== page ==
On Monday, bars, restaurants and other entertainment venues that have been hit hard by Minnesota’s COVID-19 restrictions were allowed to reopen. Now, they’re set to get another boost from the state, as counties prepare to distribute more than $100 million in business assistance grants.
In Steele County, businesses impacted by the COVID-19 pandemic are already applying for grants from the county. In Rice County, staff have been working on the program application and will hash out some of the details with county commissioners at the Jan. 12 board meeting.
Together, the two counties received about $2 million from the Legislature’s economic relief package passed in December to support businesses and nonprofits that have been directly or indirectly impacted by Gov. Tim Walz’s executive orders.
“The county program is intended to pick up some of the local needs that were missed by the state’s direct payments,” said Steele County Administrator Scott Golberg.
At approximately $114 million, the funding designated for each of Minnesota’s 87 counties to set up their own business and nonprofit assistance programs constituted just over half of the state’s stimulus package. Dollars were allocated on a per-capita basis, with a minimum amount of $256,250 per county.
Bars, restaurants and other businesses that provide on-site food and beverages were also given direct payments of $10,000 to $45,000, depending on the number of people they employ. About $88 million was allocated for that assistance, with an additional $14 million going to convention centers and theaters.
This certainly won’t be the first round of assistance for many businesses applying for grants. Last year, millions were allocated to businesses by Rice and Steele Counties as well as the cities of Northfield, Owatonna and Faribault.
However, because these dollars used to fund these grants are not tied to the federal CARES Act, they can be spent in a much more flexible manner. By contrast, CARES Act dollars were subject to strict restrictions on how they could be allocated and used. Under state guidelines, all dollars in the new program must be awarded by March 15 and spent by April 1. Businesses must also demonstrate that they are located in the applicable county and have no tax liens on file with the state.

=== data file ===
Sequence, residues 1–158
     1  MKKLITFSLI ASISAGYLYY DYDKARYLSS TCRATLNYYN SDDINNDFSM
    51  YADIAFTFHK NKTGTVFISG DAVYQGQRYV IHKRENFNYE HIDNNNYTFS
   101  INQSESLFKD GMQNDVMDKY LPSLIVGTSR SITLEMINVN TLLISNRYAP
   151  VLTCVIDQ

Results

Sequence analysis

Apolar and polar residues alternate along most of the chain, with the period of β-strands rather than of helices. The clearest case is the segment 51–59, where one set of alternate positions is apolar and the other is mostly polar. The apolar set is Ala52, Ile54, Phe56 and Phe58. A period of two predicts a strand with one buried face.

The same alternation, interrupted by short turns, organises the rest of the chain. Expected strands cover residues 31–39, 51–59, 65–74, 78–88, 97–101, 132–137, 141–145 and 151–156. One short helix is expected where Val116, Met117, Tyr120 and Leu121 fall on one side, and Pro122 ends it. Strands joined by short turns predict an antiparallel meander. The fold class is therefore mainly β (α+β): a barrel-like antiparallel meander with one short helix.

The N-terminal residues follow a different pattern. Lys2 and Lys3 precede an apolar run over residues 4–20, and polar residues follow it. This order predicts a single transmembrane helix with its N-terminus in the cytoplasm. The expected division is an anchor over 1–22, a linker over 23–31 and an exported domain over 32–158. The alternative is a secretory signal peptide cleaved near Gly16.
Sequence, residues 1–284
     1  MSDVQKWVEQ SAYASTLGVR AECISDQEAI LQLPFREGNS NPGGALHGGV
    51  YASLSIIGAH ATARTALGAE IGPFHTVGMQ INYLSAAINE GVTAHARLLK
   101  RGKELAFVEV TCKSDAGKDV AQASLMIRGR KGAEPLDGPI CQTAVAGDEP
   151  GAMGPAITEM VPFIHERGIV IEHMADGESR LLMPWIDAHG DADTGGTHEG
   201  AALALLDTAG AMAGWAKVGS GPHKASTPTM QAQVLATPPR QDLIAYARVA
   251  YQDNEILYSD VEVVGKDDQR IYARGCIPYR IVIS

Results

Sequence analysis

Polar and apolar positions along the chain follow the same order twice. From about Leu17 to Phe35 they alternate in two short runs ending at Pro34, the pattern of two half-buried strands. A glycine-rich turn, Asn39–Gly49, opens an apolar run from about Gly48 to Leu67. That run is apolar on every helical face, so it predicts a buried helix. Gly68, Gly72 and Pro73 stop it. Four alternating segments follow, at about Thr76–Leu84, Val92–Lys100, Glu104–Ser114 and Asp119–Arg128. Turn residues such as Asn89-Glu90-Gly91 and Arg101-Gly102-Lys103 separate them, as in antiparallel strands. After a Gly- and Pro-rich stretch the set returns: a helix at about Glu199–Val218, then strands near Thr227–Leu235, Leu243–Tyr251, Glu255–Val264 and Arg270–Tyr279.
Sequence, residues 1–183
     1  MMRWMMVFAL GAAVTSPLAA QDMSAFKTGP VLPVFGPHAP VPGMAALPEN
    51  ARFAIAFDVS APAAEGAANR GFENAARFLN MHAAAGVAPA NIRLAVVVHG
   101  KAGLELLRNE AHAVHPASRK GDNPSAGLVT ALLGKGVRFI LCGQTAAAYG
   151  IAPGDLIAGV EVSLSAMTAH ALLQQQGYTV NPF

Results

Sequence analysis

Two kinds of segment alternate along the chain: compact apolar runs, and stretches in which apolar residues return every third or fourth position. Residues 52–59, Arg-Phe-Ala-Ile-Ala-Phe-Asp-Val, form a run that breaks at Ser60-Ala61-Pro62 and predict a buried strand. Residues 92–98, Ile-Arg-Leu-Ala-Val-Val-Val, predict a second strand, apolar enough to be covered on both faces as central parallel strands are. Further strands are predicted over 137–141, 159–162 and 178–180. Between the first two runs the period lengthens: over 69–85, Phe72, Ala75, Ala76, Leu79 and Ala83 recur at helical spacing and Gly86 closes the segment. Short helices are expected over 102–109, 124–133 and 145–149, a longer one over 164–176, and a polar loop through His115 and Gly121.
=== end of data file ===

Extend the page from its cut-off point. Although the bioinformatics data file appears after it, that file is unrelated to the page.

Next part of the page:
The list of expenses that the dollars can be used for is long and broad. It includes payroll, rent, property taxes, insurance costs, building repairs and even marketing/advertising expenses. Each county has leeway to determine the number of recipients and how much each should get based on a variety of factors.
Faribault Area Chamber of Commerce and Tourism President Nort Johnson said that as soon as Rice County’s application process is finalized, the Chamber will spread the word among local businesses and provide help with applications, if needed.
“So many of (our businesses) are in dire need right now as they try to keep up with ordinary expenses,” he said. “Hopefully this money will be able to be deployed fairly swiftly to those who need it most.”
In Steele County, the Owatonna Area Chamber of Commerce and Tourism is already spreading the word. On Tuesday morning, the Chamber hosted a joint Zoom call with county officials and local business owners to answer any questions they might have.
“We really want people to utilize it,” said Chamber President Brad Meier.
Businesses that have received prior financial assistance from the federal and state governments as well as those who have not are welcome to apply. Styles on 4th in downtown Faribault is among the local businesses that received assistance during previous rounds.
Barbershops and beauty salons have been hit particularly hard by the pandemic, and Styles on 4th is no exception. Owner Barb Reinhard said that many of her traditional customers, especially those who are older or at an elevated risk of contracting COVID, are hesitant to come in.
As Styles on 4th is effectively a one-person shop, it’s not likely to get a particularly large allocation from the county’s program. Still, Reinhard said that previous grants have played a key role in helping her to pay the bills.
On the other side of town, Bashers Sports Bar and Grill could be in line for a larger grant, with a significant amount of employees, some of who have been temporarily laid off as the restaurant industry was hit hard by restrictions.
Bashers was able to reopen Monday, with a capacity of 25% for bowling and 50% for dining. Owner Don Clayton said that a grant would help, even though Bashers remains in a difficult position and a grant isn’t likely to come close to making up for what it lost due to the pandemic.
“After the two shutdowns we’ve endured, we are in desperate need of any money that we can get,” he said.
In Steele County, applications for the grants in Steele County will be accepted until 5 p.m., Feb. 12. Applications can be found on Steele County’s website, co.steele.mn.us.
The grants don’t have a maximum amount, but businesses are required to provide justification for the amount they request and may receive less than their requested amount.
County officials didn’t set a maximum amount because they want to get all of the money out to the businesses as there isn’t enough time to do a second round of grants before the state’s deadlines, Golberg said.